# Nanopillar Diffraction Gratings by Two-Photon Lithography

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## Abstract

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## 1. Introduction

## 2. Experimental

#### 2.1. Two-Photon Lithography (TPL)

#### 2.2. Scanning Electron Microscopy (SEM)

#### 2.3. Optical Microscopy

## 3. Numerical Simulations

#### 3.1. Voxel Sizes

^{5}contributions per pixel) were averaged into one field vector approximating the electrical field with full phase information at the center of each pixel. The square of the above field vector, $I={\overrightarrow{E}}^{2}$, is a relative intensity proportional to the physical intensity; the factor of proportionality arising from all the constants explicitly or implicitly omitted above. To calculate voxel sizes as a function of the laser power, this intensity distribution needs to be correlated to the laser power. We start by expressing the latter as a factor $f$ times the threshold laser power (determined to be 9.3 mW by the analysis of the observed pillar diameters according to Equation (1); see Figure 1b). On the other hand, the above intensity distribution has a maximum ${I}_{max}$ at the focal spot. At the threshold laser power ($f=1$), this maximum is equivalent to the polymerization threshold ${I}_{th}$, ${I}_{max}={I}_{th}$. At a higher laser power, the whole intensity distribution is multiplied by $f$, and polymerization is initiated wherever the scaled intensity exceeds the threshold. The theoretical height of a voxel is thus determined as the size of the interval in a longitudinal section through the intensity map where $f\xb7I>{I}_{th}$. To derive the width of the voxel, the same analysis is applied to the cross-section.

#### 3.2. Optical Spectra

## 4. Results and Discussion

#### 4.1. Nanopillar Sizes

#### 4.2. Optical Properties

## 5. Conclusions

## Supplementary Materials

## Author Contributions

## Funding

## Acknowledgments

## Conflicts of Interest

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**Figure 1.**Sizes of nanopillars as a function of the applied laser power. (

**a**) Scanning electron micrographs of nanopillars fabricated with different laser powers. The scale bar is 500 nm. (

**b**) Diameters (black symbols) and heights (red symbols) of the nanopillars obtained from two-photon lithography (open circles) compared to numerical simulations (filled stars). The dashed line shows the fit of the pillar diameters using Equation (1) to estimate the threshold laser power of the photo resist. (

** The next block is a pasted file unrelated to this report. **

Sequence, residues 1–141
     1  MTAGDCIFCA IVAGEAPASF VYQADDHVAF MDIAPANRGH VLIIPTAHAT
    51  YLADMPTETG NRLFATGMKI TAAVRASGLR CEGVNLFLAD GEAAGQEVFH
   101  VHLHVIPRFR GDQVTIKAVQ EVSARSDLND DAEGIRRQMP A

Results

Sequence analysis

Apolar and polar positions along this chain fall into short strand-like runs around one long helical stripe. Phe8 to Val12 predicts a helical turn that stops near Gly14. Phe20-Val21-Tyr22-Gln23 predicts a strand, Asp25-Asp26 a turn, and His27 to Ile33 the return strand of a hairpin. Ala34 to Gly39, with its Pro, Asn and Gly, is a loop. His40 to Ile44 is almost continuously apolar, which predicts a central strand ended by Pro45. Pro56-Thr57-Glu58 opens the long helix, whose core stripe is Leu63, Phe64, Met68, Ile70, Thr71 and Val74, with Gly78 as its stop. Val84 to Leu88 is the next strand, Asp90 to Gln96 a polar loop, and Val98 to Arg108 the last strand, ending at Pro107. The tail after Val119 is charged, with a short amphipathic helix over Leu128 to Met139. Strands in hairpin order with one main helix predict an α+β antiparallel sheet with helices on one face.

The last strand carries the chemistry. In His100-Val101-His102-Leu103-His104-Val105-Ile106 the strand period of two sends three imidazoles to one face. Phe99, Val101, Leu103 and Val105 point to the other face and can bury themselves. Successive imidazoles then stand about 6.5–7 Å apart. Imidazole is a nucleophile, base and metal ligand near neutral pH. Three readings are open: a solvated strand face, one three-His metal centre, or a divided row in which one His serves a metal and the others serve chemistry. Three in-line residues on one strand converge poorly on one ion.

**c**) Defect rates of optical gratings expressed as fractions of upright pillars in dependence on the applied laser power. The values were obtained from Scanning Electron Microscopy (SEM)-images as shown for 15 mW in the insert. The scale bar is 10 µm.

**Figure 2.**Optical appearance of the nanopillar gratings in dependence on the laser power. (

**a**) Optical micrographs of 50 × 50 µm nanopillar gratings on a fused silica substrate. Scale bar is 25 µm. (

**b**) Scanning electron micrographs showing the corresponding nanopillars. Scale bar is 1 µm.

**Figure 3.**Optical properties of the nanopillar gratings. Reflectivity in dependence on the wavelength obtained from numerical simulations for structure sizes as measured by SEM (solid line) and pillars assuming 20% smaller diameters (dashed line) (left) compared to optical micrographs of nanopillar gratings fabricated with different laser powers (right). The scale bar is 25 µm.

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**MDPI and ACS Style**

Purtov, J.; Rogin, P.; Verch, A.; Johansen, V.E.; Hensel, R. Nanopillar Diffraction Gratings by Two-Photon Lithography. *Nanomaterials* **2019**, *9*, 1495.
https://doi.org/10.3390/nano9101495

**AMA Style**

Purtov J, Rogin P, Verch A, Johansen VE, Hensel R. Nanopillar Diffraction Gratings by Two-Photon Lithography. *Nanomaterials*. 2019; 9(10):1495.
https://doi.org/10.3390/nano9101495

**Chicago/Turabian Style**

Purtov, Julia, Peter Rogin, Andreas Verch, Villads Egede Johansen, and René Hensel. 2019. "Nanopillar Diffraction Gratings by Two-Photon Lithography" *Nanomaterials* 9, no. 10: 1495.
https://doi.org/10.3390/nano9101495